(5) the compelling interest test as set forth in prior Federal court rulings is a workable test for striking sensible balances between religious liberty and competing prior governmental interests.
(b) Purposes: The purposes of this Act are--
(1) to restore the compelling interest test as set forth in Sherbert v. Verner, 374 U.S. 398 (1963) and Wisconsin v. Yoder, 406 U.S. 205 (1972) and to guarantee its application in all cases where free exercise of religion is substantially burdened; and
(2) to provide a claim or defense to persons whose religious exercise is substantially burdened by government.
(a) In General: Government shall not substantially burden a person's exercise of religion even if the burden results from a rule of general applicability, except as provided in subsection (b).
(b) Exception: Government may substantially burden a person's exercise of religion only if it demonstrates that application of the burden to the person--
(1) is in furtherance of a compelling governmental interest; and
(2) is the least restrictive means of furthering that compelling governmental interest.
(c) Judicial Relief: A person whose religious exercise has been burdened in violation of this section may assert that violation as a claim or defense in a judicial proceeding and obtain appropriate relief against a government. Standing to assert a claim or defense under this section shall be governed by the general rules of standing under article III of the Constitution.
(a) Judicial Proceedings: Section 722 of the Revised Statutes (42 U.S.C. 1988) is amended by inserting 'the Religious Freedom Restoration Act of 1993,' before 'or title VI of the Civil Rights Act of 1964'.
(b) Administrative Proceedings: Section 504(b)(1)(C) of title 5, United States Code, is amended--
(1) by striking 'and' at the end of clause (ii);
(2) by striking the semicolon at the end of clause (iii) and inserting ', and'; and
(3) by inserting '(iv) the Religious Freedom Restoration Act of 1993;' after clause (iii).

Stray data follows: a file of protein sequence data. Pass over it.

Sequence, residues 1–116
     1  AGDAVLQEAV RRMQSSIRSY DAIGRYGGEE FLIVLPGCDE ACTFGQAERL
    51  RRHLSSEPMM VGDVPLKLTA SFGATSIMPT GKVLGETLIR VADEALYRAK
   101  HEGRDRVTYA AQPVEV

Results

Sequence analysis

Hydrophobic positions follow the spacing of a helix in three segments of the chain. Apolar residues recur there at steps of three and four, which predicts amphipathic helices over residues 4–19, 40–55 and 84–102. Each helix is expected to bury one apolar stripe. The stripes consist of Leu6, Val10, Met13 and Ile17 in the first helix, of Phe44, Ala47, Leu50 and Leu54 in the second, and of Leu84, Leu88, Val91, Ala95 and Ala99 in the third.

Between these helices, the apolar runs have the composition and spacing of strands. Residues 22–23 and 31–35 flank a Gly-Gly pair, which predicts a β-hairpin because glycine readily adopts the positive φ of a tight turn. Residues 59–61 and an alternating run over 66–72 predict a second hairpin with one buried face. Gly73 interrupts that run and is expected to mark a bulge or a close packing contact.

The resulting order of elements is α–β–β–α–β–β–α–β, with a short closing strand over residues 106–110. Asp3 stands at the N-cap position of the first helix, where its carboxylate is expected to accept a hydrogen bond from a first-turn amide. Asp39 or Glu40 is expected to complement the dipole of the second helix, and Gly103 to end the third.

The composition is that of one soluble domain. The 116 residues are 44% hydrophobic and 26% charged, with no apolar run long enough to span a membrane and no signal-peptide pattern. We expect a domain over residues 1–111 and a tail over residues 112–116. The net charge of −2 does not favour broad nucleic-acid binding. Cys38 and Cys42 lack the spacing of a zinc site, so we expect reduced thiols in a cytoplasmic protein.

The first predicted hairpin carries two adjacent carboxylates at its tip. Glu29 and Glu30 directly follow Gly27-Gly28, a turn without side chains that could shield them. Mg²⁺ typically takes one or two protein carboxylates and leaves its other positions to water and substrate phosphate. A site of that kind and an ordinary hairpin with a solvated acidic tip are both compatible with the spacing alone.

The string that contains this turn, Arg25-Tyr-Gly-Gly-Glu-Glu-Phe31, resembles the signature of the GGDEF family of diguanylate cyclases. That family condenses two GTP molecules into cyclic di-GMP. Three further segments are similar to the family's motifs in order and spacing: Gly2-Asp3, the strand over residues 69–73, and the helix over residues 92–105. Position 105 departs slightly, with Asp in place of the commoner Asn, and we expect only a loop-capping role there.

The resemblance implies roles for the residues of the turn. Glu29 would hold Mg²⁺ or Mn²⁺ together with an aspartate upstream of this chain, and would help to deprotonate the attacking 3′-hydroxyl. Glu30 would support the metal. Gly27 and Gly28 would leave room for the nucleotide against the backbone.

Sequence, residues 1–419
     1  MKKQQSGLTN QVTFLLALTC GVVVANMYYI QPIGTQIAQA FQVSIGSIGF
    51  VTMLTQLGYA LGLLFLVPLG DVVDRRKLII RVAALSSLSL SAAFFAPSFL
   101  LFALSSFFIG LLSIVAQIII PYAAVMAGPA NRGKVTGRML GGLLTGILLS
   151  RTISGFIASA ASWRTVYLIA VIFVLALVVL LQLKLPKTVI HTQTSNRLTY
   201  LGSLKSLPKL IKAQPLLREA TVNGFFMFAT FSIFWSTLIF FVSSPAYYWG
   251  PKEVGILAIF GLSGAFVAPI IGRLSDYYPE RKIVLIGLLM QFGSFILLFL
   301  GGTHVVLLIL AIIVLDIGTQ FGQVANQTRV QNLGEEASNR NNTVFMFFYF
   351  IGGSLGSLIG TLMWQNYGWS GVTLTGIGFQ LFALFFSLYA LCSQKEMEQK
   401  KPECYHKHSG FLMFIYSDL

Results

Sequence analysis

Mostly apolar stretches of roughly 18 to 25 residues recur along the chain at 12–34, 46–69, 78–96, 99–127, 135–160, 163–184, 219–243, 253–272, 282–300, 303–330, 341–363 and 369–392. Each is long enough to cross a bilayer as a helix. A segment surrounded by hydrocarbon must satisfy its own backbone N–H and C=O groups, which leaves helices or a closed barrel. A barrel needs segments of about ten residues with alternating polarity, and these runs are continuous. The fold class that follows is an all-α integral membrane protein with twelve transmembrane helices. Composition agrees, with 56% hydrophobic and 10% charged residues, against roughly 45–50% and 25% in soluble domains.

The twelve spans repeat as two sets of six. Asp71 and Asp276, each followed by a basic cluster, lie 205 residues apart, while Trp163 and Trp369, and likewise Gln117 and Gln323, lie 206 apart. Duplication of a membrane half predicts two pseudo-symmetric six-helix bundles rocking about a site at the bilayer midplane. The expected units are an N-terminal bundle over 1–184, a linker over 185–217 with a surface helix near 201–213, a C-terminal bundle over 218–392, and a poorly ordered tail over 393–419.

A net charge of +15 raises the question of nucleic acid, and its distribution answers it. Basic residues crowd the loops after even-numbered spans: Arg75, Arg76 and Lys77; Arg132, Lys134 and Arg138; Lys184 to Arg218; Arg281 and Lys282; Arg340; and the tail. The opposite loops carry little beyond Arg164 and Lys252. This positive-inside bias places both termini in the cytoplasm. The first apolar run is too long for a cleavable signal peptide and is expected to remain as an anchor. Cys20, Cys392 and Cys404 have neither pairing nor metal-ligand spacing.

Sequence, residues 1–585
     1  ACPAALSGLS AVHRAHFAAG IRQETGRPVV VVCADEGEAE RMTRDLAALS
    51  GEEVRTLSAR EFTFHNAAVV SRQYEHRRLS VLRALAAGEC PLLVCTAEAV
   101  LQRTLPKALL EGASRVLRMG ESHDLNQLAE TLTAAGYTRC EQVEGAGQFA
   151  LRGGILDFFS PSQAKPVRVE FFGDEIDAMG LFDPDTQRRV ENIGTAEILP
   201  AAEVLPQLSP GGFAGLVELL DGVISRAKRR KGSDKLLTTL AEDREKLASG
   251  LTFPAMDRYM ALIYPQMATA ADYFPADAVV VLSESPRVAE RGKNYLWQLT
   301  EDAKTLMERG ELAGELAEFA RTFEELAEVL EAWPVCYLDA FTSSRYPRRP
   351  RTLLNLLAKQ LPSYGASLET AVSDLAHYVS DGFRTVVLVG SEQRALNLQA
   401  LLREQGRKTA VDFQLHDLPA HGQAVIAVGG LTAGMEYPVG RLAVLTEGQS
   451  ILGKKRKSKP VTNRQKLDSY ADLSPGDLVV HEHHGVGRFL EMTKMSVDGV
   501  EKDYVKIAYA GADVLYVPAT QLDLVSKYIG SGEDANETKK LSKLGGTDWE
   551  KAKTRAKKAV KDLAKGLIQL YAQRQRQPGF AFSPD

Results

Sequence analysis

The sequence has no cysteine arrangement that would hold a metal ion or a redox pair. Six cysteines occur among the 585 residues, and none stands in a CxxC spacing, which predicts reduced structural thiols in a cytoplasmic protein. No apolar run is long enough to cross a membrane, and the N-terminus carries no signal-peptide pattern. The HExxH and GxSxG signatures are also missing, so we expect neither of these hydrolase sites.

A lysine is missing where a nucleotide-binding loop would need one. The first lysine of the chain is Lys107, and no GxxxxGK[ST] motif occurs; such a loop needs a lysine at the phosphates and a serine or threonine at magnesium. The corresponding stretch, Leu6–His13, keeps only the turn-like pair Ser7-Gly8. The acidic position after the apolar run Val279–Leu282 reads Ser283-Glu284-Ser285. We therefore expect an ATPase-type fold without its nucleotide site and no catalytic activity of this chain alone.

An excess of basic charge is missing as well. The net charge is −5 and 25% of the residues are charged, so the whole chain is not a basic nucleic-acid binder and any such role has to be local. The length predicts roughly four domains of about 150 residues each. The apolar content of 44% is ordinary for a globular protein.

As used in this Act --
(1) the term 'government' includes a branch, department, agency, instrumentality, and official (or other person acting under color of law) of the United States, a State, or a subdivision of a State;
(2) the term 'State' includes the District of Columbia, the Commonwealth of Puerto Rico, and each territory and possession of the United States;
(3) the term 'demonstrates' means meets the burdens of going forward with the evidence and of persuasion; and
(4) the term 'exercise of religion' means the exercise of religion under the First Amendment to the Constitution.
(a) In General.--This Act applies to all Federal and State law, and the implementation of that law, whether statutory or otherwise, and whether adopted before or after the enactment of this Act .
(b) Rule of Construction.--Federal statutory law adopted after the date of the enactment of this Act is subject to this Act unless such law explicitly excludes such application by reference to this Act .
(c) Religious Belief Unaffected.--Nothing in this Act shall be construed to authorize any government to burden any religious belief.
Nothing in this Act shall be construed to affect, interpret, or in any way address that portion of the First Amendment prohibiting laws respecting the establishment of religion (referred to in this section as the 'Establishment Clause'). Granting government funding, benefits, or exemptions, to the extent permissible under the Establishment Clause, shall not constitute a violation of this Act . As used in this section, the term 'granting', used with respect to government funding, benefits, or exemptions, does not include the denial of government funding, benefits, or exemptions.
Speaker of the House of Representatives.Vice President of the United States and President of the Senate.